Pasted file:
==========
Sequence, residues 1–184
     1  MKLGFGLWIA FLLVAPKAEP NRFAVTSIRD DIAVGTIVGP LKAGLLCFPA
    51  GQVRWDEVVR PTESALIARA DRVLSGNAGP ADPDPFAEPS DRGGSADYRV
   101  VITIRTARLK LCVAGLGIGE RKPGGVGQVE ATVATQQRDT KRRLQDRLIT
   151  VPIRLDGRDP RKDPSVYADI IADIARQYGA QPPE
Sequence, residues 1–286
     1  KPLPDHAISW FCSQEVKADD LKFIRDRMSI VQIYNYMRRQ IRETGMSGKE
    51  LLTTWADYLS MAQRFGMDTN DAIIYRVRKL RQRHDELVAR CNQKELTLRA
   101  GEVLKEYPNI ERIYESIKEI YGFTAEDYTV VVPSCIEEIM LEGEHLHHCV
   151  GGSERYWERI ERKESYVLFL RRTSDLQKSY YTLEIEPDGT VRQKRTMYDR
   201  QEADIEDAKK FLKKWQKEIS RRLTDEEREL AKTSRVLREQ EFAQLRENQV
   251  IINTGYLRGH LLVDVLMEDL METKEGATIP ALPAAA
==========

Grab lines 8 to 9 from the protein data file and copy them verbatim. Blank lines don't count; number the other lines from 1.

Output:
    51  LLTTWADYLS MAQRFGMDTN DAIIYRVRKL RQRHDELVAR CNQKELTLRA
   101  GEVLKEYPNI ERIYESIKEI YGFTAEDYTV VVPSCIEEIM LEGEHLHHCV